History’s Most Shocking Serial Killer Brought to Life: The Affliction Series by Romina Nicolaides

Bathory's secret1609, Hungary. Powerful Countess Erzsébet Báthory has been searching for an illiterate book binder to collate her journals. Why illiterate? So that no one will discover her extraordinary, violent past. Kati, a local peasant, has just the skills she requires. The girl is keen to live in the castle with the Countess, until the horrors of her employer’s habits begin to be revealed. 

Horror isn’t always my thing, but Nicolaides’ novels are something totally different. They transcend the genre with their gritty action and gorgeous historical detail. They’re macabre and evocative, and there’s book binding, which I’m very into at the moment.

Chillingly, the title character is based on the real Erzsébet Báthory  (click the link to read about her deeds) – reputedly history’s most prolific female serial killer. Her legend has long been embellished with vampiric overtones, and Nicolaides seamlessly blends fact and fiction compellingly (she has an academic background in history). If you’re tired of sparkly teenage vampires, this is the ideal antidote.
Vampire edificeThrough the ‘Afflicted’ characters (those who survive on blood), there is an exploration of morality, mortality and what it means to be human.

The second novel focuses on Kati. I don’t want to give too much away to those of you who haven’t read the first one yet, but suffice it to say, dramatic events happen, there’s violence, travel, peril, love, and a secret society or two: all the ingredients for a page turner.

I’m excited about the next in the series too.

If you’d like to try them out, the links to purchase can be found here. They’re astoundingly cheap so I highly recommend you give them a go.

Please share to help give this awesome indie series the exposure it deserves.

 

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The Modern Rap Fan’s Guide to Rhyming

I have a minor obsession with poetic techniques, rhyme schemes and suchlike. I also love wordplay. This gives me a whole new level of joy when listening to rap music. I’m always like, ‘Fierce internal rhymes’ and ‘Did you hear the enjambment on that?!’ The fun never ends in my house. This is my quick guide to poetic techniques that are in vogue in the educational medium we call hip hop music. You’re welcome. drake

  1. The Drake: Actually reputedly invented by Big Sean (who is actually medium sized for an adult human), the technique is to throw something on the end to be the rhyming word or phrase – a word that isn’t integrated into the previous sentence. See ‘Forever‘:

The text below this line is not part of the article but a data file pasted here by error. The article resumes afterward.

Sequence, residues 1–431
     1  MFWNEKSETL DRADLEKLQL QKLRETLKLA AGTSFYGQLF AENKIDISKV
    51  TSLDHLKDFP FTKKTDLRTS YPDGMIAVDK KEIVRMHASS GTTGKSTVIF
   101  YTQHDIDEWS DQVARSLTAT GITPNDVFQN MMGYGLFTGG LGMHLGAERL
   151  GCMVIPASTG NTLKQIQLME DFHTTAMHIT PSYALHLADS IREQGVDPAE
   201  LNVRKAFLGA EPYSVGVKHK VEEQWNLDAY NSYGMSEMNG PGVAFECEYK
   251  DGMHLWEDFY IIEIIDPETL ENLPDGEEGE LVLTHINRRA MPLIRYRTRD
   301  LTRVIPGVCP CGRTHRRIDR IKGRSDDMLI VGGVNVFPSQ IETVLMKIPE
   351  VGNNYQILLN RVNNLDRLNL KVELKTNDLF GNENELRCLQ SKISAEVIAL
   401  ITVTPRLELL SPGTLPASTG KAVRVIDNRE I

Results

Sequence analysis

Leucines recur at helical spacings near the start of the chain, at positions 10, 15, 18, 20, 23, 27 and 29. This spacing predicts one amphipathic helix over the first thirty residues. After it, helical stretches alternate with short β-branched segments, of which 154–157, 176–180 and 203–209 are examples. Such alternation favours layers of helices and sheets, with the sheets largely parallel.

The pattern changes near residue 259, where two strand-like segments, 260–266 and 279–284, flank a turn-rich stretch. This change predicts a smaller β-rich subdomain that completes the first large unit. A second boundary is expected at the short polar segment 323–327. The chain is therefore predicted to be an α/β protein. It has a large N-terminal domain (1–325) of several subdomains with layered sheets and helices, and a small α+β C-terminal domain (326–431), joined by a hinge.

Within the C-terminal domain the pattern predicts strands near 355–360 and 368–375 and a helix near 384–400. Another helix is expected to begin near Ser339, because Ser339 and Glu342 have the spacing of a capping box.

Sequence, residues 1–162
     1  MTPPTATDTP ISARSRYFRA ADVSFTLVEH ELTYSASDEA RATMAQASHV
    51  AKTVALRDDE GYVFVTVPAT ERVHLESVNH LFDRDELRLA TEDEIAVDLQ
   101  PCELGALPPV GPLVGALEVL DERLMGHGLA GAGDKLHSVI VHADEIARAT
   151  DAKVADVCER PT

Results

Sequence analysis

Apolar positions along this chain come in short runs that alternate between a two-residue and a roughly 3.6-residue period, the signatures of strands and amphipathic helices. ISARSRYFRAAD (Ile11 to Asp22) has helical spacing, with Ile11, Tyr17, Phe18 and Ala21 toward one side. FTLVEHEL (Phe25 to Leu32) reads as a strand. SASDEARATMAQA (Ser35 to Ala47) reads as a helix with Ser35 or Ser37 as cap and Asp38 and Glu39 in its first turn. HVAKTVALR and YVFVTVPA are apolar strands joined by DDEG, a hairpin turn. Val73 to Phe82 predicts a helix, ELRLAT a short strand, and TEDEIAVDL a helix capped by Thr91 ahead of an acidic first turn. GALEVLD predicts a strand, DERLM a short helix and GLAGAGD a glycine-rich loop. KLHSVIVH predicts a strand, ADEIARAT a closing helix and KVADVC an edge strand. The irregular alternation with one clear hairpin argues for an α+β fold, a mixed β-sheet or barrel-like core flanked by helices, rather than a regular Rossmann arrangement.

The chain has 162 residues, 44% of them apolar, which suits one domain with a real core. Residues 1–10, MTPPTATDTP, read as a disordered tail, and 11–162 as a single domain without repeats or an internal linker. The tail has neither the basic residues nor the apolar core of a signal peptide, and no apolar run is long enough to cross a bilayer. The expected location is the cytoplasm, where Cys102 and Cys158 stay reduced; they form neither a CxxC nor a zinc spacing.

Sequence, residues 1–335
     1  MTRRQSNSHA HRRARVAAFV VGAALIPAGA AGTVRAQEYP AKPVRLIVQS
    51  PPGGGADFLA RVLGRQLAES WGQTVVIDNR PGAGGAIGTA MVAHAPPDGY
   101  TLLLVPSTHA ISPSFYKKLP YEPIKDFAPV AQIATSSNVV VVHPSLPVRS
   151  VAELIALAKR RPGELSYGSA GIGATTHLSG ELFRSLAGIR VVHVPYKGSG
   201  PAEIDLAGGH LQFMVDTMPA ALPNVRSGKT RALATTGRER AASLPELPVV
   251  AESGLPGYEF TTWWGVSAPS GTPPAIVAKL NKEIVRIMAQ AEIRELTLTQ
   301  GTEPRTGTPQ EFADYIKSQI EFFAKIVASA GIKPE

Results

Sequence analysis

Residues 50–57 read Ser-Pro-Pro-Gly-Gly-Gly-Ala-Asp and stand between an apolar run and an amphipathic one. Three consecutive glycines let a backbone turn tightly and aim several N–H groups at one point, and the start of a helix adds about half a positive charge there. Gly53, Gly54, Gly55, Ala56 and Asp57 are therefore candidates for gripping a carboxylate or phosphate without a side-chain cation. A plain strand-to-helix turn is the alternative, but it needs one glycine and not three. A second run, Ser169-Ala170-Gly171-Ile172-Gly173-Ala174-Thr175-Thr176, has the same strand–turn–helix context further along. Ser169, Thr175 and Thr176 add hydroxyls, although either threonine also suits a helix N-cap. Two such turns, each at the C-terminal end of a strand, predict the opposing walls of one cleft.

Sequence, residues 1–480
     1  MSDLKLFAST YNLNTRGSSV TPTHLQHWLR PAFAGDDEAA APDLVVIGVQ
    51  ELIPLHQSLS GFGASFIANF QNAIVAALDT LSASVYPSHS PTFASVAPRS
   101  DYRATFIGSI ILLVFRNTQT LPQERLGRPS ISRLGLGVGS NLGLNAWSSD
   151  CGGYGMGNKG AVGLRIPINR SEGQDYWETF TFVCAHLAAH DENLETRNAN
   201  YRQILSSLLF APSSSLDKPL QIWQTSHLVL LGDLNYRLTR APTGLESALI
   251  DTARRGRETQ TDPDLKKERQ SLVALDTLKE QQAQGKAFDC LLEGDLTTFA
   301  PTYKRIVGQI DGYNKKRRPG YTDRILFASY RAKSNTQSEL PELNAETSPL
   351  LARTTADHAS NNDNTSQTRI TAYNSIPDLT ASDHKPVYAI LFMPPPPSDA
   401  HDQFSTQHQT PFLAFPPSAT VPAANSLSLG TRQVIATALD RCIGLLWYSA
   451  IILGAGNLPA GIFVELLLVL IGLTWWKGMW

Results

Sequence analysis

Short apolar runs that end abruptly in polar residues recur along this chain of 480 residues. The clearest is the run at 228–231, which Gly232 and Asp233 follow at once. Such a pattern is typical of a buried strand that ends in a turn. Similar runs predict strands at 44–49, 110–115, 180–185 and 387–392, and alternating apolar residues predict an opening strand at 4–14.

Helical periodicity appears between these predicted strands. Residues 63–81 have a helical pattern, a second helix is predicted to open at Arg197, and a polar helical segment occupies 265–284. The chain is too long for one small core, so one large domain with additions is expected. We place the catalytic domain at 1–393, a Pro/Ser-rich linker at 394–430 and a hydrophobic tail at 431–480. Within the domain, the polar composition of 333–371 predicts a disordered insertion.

She insists she got more class, we know
    Swimming in the money, come and find me, Nemo
    This makes every line a punchline; it can be witty, irreverent, and is a good way to slip in a topical reference (perhaps to a clown-fish-based Disney film).  Kanye-Creative-Genius
  2. The Kanye: The key is to find as many words as possible that rhyme with your own name and insert them as end rhymes in an A-A rhyme scheme. See ‘Famous‘:
    For all the girls that got d*** from Kanye West
    If you see ’em in the streets give ’em Kanye’s best
    Well I’m Kanye impressed. This technique is self-referential, perhaps self-mocking, and a way to marry braggadocio and punning in a meta society. Also, it’s an entertaining way to practise rhyming – look up your own name in a rhyming dictionary and go to town.
    Gambino
  3. The Gambino: This chap did not invent the rhetorical question; he’s not even the most famous proponent e.g. What’s a goon to a goblin? or Can I get an encore? However he often combines the rhetorical question with anaphora, the repetition of a word or phrase at the beginning of successive clauses, to have a cumulative, powerful effect: See ‘Heartbeat‘:
    Are we dating? Are we f****ing?
    Are we best friends? Are we something…
    See also ‘Bonfire‘:
    You want to see my girl? I ain’t that dumb.
    You want to see
    my girl? Check Maxim.
    And ‘III. Telegraph Ave.‘: 
    Can we just roll with the feeling?
    Can we just roll for a minute?
    Choose a start to a question then vary the ending to have a hectoring, bold effect.
    nicki-minaj-whats-good_nu0iffukzj1qzwh14o1_500